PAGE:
More zombie statistics
There is an oft-quoted figure that 50% of all clinical trials are never published. It's surprisingly popular for a figure that has no evidence, as I've written about before. And since I wrote that post, another study has been published showing disclosure rates of 89%.
So I was a little dismayed when I saw an article in Nature News with the headline "Half of US clinical trials go unpublished". My original thought was that it was simply repeating the same old zombie statistic, but after reading the article, it turned out it was talking about a new study, this one to be specific.
The only problem is that the study did not show that half of US clinical trials go unpublished. To do that, it would need to look at a random sample of US clinical trials. What it did instead was it looked at a sample of 600 clinical trials that had already had results posted on clinicaltrials.gov, and it did indeed find that half of that sample had not been published.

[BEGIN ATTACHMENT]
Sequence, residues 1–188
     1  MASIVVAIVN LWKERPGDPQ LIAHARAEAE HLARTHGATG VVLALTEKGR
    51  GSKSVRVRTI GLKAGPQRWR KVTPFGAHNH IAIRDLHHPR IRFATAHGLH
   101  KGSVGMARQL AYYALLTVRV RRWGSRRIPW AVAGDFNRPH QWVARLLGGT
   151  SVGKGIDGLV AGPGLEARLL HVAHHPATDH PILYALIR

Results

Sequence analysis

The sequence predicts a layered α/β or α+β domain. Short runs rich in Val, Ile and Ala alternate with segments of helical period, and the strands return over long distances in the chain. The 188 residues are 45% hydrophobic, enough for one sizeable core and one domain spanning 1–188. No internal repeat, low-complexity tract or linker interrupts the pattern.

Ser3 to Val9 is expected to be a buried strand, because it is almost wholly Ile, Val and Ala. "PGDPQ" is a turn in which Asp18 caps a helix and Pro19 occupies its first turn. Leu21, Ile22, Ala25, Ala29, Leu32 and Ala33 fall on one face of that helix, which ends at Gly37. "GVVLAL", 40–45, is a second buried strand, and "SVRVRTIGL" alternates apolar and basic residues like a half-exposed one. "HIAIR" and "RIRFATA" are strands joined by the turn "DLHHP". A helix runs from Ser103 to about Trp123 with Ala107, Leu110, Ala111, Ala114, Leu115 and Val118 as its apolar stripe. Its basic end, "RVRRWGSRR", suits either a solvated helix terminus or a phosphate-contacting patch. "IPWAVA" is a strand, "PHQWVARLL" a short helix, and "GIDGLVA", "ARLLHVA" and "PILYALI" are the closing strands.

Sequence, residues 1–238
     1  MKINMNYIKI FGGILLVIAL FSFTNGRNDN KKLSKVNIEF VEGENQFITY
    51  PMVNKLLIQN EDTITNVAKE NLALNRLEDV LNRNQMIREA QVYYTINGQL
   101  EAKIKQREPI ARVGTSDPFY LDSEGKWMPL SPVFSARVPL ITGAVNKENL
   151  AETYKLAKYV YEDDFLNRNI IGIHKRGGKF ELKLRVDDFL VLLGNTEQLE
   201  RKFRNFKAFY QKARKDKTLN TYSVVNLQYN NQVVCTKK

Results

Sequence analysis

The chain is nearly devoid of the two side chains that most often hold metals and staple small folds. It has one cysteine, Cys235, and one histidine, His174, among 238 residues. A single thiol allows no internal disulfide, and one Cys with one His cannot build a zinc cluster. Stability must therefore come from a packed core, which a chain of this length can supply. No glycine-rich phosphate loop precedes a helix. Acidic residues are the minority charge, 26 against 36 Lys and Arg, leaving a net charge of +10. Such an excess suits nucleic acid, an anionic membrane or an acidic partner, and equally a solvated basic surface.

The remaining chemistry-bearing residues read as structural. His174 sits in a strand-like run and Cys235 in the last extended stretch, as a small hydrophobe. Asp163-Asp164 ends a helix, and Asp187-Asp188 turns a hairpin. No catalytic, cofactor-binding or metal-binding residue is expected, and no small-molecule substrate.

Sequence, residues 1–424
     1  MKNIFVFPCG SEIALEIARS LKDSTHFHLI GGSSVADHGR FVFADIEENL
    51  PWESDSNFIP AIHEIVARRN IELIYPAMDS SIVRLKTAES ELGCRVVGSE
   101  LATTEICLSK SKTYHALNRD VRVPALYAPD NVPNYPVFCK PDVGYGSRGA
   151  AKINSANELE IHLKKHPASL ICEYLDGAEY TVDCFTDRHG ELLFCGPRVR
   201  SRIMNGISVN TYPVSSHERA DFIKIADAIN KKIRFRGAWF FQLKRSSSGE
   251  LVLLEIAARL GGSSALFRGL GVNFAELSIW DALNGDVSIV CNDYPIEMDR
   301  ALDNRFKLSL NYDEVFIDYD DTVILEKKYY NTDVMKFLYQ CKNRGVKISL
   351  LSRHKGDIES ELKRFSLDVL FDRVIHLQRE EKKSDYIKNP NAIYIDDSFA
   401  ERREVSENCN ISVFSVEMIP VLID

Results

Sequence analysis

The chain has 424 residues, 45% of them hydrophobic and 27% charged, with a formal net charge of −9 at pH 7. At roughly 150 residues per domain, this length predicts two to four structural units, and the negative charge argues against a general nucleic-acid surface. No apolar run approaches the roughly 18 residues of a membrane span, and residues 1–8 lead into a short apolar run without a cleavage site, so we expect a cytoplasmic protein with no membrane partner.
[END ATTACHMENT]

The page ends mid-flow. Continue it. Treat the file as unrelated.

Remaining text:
That is really not the same thing as saying half of all trials go unpublished. This is a specific sample of trials that had already had their results disclosed on a website. So although it's true that half of them had not been published in a peer-reviewed journal, 100% of them had had their results disclosed in the public domain.
Some may argue that there is no need to publish results in a journal as well if they are in the public domain anyway. I'm not entirely sure I agree with that argument, but that's a subject for another day. However, it is entirely plausible to suggest that some of those triallists who had posted their results on clinicaltrials.gov may have considered that their job of disclosure was already done, and perhaps didn't make publication in a peer reviewed journal as much of a priority as those triallists who had not posted results on clinicaltrials.gov.
Anyway, given that the latest study tells us nothing about what proportion of studies overall have their results published, can we please knock that "half of all trials published" statistic on the head with a large baseball bat before it rises up and goes on its zombie-like way?
Update 5 December 2013, 7.15 am:
Paul Ivsin (who has also left a perceptive comment below) has written a more thorough blogpost about this study than my few brief notes above. I'd encourage you to read it.